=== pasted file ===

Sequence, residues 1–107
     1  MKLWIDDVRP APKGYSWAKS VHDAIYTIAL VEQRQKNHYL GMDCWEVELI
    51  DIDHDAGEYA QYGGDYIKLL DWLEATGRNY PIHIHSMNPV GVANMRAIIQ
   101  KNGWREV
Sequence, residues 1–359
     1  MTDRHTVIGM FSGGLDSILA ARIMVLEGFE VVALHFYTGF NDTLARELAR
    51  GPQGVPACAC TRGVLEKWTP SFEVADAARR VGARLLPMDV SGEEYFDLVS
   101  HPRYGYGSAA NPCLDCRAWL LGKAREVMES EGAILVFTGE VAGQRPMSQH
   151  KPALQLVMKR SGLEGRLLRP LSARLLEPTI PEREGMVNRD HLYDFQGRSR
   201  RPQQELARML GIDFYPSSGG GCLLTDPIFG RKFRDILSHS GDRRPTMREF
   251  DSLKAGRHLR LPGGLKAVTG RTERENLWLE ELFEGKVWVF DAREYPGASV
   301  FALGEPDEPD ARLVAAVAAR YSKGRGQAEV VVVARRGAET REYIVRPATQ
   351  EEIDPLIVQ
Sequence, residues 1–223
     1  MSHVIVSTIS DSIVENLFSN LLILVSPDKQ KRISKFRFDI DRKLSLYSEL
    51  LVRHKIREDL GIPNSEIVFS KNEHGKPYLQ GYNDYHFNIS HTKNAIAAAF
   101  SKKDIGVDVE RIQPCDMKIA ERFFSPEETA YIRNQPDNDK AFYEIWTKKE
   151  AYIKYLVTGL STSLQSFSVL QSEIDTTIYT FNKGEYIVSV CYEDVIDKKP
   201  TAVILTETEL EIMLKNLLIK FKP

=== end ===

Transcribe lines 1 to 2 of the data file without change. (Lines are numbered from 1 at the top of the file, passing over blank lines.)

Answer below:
Sequence, residues 1–107
     1  MKLWIDDVRP APKGYSWAKS VHDAIYTIAL VEQRQKNHYL GMDCWEVELI